Editor’s note: This is the final installment in the series “Poetry in a Time of Dislocation.” Fine art photographer Fern Nesson asserts that the place for art is critical during this time of pandemic, and she has immersed herself in the French poets, translating important works and sharing them as photo essays. This week, Fern shines the spotlight on 20th century poet Jacques Dupin.
(Check out previous installments here:
Charles Baudelaire, Guillaume Apollinaire, Paul Valéry, Christine de Pizan, Paul Verlaine, Alphonse de Lamartine, Anna de Noailles, Paul Éluard, Marceline Desbordes-Valmore, Stéphane Mallarmé, Louisa Seifert, Arthur Rimbaud, François Villon, André Breton, Louise Colet, Jacques Prévert, Pierre de Ronsard, Paul Verlaine)
It seems fitting to end this series with a poet of the word. Jacques Dupin, a 20th-century art critic and intimate friend of Joan Miró, sought a way to express life, death, light, darkness through pure words. His aim was to strip words down, as much as possible, from any encrusted associations. He wanted us to read his words without preconceptions, to hear them as if they were new to us — sounds without names — to experience their meaning directly, immediately. A tall order for a poet; an even taller one for a translator, but well worth the effort.
Dupin’s poems are long. I chose a brief (but essential) selection from Bleu et Sans Nom that speaks directly to Dupin’s preoccupation with the word.
Bleu et sans Nom (1981)
Que les mots fassent souche dans l’air,
à la surface et dans le profondeur de l’air,
qu’ils relancet, réactivent
une énergie disloquante
et, contre la blancheur qui les récuse, les aiguise,
contre le douleur dont ils se gorgent,
qu’ils s’écrivent, là encore, obstinément,
sans ébarber le fer, le fil, l’assiduité de la lumière,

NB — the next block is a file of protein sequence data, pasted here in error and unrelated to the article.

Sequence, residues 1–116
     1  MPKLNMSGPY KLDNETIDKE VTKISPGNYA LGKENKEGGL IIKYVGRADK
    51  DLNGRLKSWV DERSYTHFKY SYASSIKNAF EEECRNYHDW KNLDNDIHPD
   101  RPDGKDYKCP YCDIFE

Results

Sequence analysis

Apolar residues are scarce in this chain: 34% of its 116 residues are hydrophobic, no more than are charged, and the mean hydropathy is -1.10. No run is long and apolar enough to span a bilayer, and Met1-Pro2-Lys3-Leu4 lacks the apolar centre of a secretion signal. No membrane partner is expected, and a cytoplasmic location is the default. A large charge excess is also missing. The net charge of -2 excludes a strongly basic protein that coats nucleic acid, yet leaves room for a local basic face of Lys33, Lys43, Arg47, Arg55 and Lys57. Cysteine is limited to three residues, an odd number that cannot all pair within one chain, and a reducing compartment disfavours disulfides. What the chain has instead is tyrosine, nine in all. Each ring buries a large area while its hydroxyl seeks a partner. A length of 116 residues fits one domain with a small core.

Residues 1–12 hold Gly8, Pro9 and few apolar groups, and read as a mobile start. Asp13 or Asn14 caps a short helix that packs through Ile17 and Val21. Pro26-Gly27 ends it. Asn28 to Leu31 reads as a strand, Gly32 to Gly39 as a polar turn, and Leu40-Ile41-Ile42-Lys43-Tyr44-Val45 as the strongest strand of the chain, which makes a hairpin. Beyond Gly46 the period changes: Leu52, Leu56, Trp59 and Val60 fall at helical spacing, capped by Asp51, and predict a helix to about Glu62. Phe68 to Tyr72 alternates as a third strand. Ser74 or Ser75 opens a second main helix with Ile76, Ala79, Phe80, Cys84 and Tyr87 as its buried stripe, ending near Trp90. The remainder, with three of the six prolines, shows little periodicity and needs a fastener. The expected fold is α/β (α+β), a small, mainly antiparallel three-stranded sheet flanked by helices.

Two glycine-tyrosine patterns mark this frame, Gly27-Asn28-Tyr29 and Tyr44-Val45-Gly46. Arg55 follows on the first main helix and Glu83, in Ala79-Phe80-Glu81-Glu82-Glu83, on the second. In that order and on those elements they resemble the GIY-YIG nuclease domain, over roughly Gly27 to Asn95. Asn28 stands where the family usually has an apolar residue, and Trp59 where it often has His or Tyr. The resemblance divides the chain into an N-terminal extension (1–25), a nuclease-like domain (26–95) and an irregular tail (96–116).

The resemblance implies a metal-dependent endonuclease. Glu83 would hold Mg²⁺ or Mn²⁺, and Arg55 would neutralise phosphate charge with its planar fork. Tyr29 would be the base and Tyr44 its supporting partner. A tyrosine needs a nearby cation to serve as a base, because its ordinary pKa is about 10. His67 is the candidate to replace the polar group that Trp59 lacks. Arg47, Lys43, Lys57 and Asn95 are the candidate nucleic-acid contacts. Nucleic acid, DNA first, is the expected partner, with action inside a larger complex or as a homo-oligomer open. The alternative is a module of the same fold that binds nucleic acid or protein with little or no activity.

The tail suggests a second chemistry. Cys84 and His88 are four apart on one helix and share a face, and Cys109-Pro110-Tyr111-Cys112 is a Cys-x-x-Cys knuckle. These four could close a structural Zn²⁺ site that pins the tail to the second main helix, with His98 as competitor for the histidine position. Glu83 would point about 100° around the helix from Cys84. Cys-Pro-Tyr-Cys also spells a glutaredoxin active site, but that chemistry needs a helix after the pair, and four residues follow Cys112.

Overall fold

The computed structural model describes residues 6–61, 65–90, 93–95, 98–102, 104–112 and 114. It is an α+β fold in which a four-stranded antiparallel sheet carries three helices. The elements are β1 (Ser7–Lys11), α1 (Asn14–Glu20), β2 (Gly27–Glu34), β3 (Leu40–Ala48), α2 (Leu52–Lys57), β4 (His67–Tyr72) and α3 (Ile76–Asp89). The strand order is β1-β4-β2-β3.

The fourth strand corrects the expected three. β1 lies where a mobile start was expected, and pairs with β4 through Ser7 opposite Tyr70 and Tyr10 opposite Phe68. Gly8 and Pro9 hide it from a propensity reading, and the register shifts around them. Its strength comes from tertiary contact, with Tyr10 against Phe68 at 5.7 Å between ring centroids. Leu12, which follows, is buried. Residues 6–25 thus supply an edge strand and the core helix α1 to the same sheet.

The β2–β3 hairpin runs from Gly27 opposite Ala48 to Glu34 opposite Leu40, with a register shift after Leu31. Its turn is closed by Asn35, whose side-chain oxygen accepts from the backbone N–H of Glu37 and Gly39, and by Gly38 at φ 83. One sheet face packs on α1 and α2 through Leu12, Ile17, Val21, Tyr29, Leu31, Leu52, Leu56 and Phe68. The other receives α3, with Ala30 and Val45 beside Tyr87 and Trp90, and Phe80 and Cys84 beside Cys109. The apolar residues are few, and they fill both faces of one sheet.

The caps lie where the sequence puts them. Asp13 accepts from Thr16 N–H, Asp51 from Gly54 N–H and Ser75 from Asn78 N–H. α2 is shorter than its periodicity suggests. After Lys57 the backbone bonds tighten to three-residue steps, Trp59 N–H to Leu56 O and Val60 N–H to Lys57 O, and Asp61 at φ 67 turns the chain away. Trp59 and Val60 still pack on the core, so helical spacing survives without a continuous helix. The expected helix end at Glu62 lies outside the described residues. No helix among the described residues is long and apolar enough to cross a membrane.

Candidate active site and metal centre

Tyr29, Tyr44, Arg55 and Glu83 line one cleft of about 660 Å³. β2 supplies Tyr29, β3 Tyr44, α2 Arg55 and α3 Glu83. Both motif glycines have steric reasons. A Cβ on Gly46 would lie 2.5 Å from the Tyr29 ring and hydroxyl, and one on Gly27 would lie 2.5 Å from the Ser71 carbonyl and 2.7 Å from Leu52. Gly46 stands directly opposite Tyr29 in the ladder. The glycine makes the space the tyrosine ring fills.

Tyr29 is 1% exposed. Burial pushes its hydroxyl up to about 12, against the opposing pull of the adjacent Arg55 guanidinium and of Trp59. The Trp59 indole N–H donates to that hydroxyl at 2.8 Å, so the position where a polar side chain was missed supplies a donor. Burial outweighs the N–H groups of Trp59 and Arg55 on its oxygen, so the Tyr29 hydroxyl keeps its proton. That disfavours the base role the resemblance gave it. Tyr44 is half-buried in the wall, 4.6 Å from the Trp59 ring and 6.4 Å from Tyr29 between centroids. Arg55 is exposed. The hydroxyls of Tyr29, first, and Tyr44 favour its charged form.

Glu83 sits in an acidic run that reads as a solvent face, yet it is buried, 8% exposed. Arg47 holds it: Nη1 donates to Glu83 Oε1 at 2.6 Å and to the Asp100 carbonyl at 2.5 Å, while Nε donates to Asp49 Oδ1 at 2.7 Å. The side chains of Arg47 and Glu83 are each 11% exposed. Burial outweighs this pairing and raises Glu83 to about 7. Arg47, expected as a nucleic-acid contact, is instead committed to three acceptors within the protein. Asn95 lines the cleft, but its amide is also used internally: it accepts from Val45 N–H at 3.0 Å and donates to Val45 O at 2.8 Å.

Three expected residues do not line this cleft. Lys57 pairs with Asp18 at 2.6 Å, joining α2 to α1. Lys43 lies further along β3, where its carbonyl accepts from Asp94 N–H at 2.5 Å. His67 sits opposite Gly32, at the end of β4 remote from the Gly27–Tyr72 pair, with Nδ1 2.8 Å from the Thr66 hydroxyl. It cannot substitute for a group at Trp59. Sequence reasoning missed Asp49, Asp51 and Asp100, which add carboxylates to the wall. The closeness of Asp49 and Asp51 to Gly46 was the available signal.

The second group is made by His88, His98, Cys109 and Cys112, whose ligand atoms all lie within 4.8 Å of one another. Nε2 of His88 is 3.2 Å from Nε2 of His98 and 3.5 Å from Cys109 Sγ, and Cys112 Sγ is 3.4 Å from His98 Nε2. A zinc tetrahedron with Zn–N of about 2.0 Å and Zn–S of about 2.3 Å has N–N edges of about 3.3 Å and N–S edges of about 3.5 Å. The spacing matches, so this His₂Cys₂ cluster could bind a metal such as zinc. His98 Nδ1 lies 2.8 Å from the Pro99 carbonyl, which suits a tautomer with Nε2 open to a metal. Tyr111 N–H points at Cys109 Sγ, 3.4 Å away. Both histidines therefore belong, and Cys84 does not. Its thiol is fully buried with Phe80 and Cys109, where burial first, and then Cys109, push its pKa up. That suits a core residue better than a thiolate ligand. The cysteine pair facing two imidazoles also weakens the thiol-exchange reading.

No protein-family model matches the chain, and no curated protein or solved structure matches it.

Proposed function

— sans étouffer son cri, sans interrompre sa filiation
de poussière sauvage.
une parole et sa réverbération meurtrière,
une parole dont l’éclatment concentre la sonorité,
atrise la parfum, assourdit le sens
accroît l’illisibilité de sa charge
et acquiesce à la mort,
à l’ascendant de la lumière.
My Translation: “Blue, Innominate”
Let words sink their roots into air,
write them on its surface and in its depths,
so that they reanimate,
reactivated with dissociated energy,
and stand out sharply against the blank background
of the mists from which they emerge.
Let them be newly written, deliberately,
without trimming their sharp edges, without dimming their brightness without stifling their sound, without impeding their original power.
A figure of speech, in its deadly reverberations,
intensifies the sounds of its words and heightens their scent but obscures their meaning,
until it explodes,
conspiring in its own death,
never again to ascend to the light.
This ends the series, “Poetry in a Time of Dislocation.” I loved writing these essays. Engagement with the words, the ideas and the spirit of French poets has been a joyous challenge. To honor the word, to choose it carefully, to imbue it with fresh meaning has lightened my days and invigorated my mind. Thank you for the opportunity to share my translations and photographs with you, fellow lovers of French language and poetry.
Lead photo credit : Photo by Fern Nesson